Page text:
God opposes the proud. 1 Peter 5:5 (NIV) Humility is a unique challenge for two groups of people: 1. For people with great success. If you’ve built a business or worked your way up a career ladder, it is hard to be humble. If you have earned multiple degrees, if...
“Who then is this, that he commands even winds and water, and they obey him?” Luke 8:25
Why are the disciples surprised? They had already seen remarkable demonstrations of the power of Jesus. Think about what has already happened in Luke’s Gospel:
- Jesus drove out a demon (4:39)
- Jesus healed all who were brought to him (4:40)
- Jesus healed a leper (5:12)
- Jesus healed a paralytic (5:17)
- Jesus healed a centurion’s servant, by speaking (7:1-10)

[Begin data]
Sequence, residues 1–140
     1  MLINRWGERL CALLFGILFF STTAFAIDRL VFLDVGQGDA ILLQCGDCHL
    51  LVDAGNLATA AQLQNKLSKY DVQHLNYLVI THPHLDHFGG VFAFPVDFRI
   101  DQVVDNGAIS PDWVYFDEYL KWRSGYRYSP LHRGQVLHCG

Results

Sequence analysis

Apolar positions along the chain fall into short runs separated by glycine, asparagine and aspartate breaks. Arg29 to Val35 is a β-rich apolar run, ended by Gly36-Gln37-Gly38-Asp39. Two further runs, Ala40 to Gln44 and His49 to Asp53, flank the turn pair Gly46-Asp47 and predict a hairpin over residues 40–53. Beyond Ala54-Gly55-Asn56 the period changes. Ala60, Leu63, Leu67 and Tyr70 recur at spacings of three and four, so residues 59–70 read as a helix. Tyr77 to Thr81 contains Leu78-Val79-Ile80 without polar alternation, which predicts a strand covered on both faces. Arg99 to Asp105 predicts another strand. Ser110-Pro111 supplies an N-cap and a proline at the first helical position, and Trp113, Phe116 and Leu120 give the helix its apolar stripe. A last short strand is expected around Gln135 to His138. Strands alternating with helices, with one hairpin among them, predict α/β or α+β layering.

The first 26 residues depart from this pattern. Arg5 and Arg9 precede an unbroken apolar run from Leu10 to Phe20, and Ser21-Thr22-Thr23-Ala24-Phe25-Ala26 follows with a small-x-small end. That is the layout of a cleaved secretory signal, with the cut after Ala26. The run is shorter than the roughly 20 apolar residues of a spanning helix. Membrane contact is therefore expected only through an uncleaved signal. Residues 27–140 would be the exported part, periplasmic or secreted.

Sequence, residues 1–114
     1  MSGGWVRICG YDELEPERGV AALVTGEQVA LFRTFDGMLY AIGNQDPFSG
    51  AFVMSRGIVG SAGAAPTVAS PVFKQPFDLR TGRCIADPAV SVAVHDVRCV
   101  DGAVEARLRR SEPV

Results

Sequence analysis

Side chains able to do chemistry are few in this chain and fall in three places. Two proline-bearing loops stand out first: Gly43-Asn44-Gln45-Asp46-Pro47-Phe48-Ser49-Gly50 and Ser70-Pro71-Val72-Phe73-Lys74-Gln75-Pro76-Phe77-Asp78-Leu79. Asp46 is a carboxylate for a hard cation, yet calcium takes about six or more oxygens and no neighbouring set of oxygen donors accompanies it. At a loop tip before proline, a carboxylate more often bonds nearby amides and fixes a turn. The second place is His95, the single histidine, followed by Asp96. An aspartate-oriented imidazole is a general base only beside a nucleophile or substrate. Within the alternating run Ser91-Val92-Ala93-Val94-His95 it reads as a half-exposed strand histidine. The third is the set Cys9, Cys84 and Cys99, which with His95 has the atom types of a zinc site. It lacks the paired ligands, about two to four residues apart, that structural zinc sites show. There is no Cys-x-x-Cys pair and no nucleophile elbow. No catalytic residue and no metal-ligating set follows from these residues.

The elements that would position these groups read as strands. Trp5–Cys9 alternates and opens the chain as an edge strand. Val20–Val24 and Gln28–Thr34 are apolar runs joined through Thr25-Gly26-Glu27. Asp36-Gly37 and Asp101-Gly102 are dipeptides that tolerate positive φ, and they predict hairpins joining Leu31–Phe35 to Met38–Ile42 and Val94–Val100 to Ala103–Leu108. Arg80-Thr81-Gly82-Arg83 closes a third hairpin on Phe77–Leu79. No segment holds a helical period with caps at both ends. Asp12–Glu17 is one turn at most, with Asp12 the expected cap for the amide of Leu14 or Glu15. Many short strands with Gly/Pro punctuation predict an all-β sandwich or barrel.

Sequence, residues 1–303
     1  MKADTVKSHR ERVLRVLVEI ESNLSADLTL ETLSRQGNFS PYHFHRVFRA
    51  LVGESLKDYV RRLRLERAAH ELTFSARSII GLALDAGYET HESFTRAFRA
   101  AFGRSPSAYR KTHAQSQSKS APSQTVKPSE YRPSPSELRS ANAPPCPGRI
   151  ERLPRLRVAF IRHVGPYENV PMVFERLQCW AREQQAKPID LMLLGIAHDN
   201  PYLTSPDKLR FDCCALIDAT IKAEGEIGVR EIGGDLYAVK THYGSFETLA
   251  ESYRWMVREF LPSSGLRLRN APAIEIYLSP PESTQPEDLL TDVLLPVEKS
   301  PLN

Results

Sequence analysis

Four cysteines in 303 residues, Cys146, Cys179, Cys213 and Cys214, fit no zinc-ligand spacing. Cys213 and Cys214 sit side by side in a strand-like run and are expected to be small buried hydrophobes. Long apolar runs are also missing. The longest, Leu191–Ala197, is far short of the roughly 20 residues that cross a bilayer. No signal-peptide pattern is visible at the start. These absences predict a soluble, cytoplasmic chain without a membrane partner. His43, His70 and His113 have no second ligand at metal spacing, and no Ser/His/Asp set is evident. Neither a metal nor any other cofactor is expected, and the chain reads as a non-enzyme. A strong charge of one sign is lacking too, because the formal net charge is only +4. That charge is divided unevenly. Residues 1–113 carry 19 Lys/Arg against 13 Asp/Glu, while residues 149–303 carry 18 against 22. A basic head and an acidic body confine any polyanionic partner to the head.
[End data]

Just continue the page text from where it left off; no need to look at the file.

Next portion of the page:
- Jesus healed a dead man who was already in a tomb (7:11)
The disciples had seen all this! They had seen his power over disease, demons, and death. They had seen the ability of God.
Now in chapter 8, we find them in a boat on the lake and a storm blows up. The problem is that although they know the power of God, they are unable to make a connection between the ability of God and the situation they are in. They looked at the situation in purely secular terms. So they panic. And Jesus says to them “Where is your faith?” You have seen what I can do in relation to disease, demons, and death, why could you not factor in what I can do in this situation?
Where do you need to factor in the ability of God? Is it loneliness? A health issue? Your marriage? In the battle of living an authentic Christian life? Is it the fear of being different? The problem is that we often evaluate our problems in purely secular terms.
When we do that, we say things like: There is no hope. It’s beyond what I can do. I can’t see any way out. I don’t have the strength. Yes, but have you factored in the ability of God?
Where do you need to factor in the ability of God?